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Left Out of Immigration Reform, LGBT Advocates Demand Inclusion

LGBT rights groups expressed disappointment on Tuesday that gay and lesbian families were left out of a long-anticipated comprehensive immigration reform bill.

Marc-frederic“We’re disappointed that we’re not in the base but we’ve always known that our best shot would be at the committee level,” said Fred Sainz, spokesman for the Human Rights Campaign. “The goal is to get into the underlying bill. How that happens is not as important as the fact that it happens.”

(image via stop the deportations)

Immigration Equality writes:

As we anticipated, however, the base bill does not include the Uniting American Families Act. (A “base bill” is the first version of the legislation, before any lawmakers have an opportunity to make amendments, or changes, to the language.)

UAFA’s exclusion renders the bill incomplete. It is not comprehensive and is does not reflect the values or diversity of our country. Senators on the Judiciary Committee must allow a full and open amendment process that provides an opportunity to add UAFA as an amendment during that process.  We need a majority of Committee members to support adding UAFA to the bill. This means the time is NOW to contact Judiciary Committee Senators and demand they vote for UAFA during the amendment process.

We will not give Senators of either party a pass on the inclusion of our families in immigration reform. We are watching – and we will remember – which lawmakers stand with us, and which stand to the side, when this critical vote happens. The Judiciary Committee includes Senators from states with full marriage equality, such as New York, Vermont, Connecticut and Iowa. Other states represented on the Committee – California, Texas and Arizona – are home to large numbers of LGBT binational families.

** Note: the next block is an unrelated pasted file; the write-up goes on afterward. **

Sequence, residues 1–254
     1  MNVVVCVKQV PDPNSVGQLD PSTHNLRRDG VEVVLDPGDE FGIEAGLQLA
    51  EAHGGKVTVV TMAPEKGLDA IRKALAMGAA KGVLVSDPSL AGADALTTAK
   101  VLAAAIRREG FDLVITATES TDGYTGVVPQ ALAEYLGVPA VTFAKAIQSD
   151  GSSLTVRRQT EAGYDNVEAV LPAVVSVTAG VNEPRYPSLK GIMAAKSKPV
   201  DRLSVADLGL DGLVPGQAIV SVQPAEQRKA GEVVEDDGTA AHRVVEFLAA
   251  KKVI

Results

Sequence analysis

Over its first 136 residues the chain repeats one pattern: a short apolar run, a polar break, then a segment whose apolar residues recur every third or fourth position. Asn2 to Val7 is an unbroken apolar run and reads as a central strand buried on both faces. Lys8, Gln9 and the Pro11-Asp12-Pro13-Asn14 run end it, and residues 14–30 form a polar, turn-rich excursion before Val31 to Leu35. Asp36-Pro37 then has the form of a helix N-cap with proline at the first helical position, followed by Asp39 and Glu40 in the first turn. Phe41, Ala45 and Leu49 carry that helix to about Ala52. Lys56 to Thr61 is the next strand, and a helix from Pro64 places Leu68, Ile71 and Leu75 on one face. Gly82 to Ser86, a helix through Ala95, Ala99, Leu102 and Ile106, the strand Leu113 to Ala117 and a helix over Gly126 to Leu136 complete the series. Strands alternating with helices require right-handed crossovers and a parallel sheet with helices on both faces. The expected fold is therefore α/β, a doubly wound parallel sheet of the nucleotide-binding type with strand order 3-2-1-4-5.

26 LGBT rights groups signed a statement of solidarity on the legislation including the National Gay and Lesbian Task Force; GLAAD; the National Center for Lesbian Rights (NCLR); the Queer Undocumented Immigrant Project (QUIP), a project of the United We Dream Network; National Queer Asian Pacific Islander Alliance (NQAPIA); and Immigration Equality.

“The current broken system hurts, scapegoats and vilifies all immigrants, including LGBT immigrants, and their friends and families. Comprehensive federal immigration reform is an urgent priority for our nation and the LGBT community,” said Kate Kendell, executive director of the National Center for Lesbian Rights.

Read the statement and the groups that have signed on here.

H_obamaSaid Obama in a statement:

"This afternoon, Senators Schumer and McCain briefed me on the bipartisan immigration reform bill that they have drafted with their colleagues in the Senate. This bill is clearly a compromise, and no one will get everything they wanted, including me. But it is largely consistent with the principles that I have repeatedly laid out for comprehensive reform. This bill would continue to strengthen security at our borders and hold employers more accountable if they knowingly hire undocumented workers. It would provide a pathway to earned citizenship for the 11 million individuals who are already in this country illegally. I urge the Senate to quickly move this bill forward and, as I told Senators Schumer and McCain, I stand willing to do whatever it takes to make sure that comprehensive immigration reform becomes a reality as soon as possible."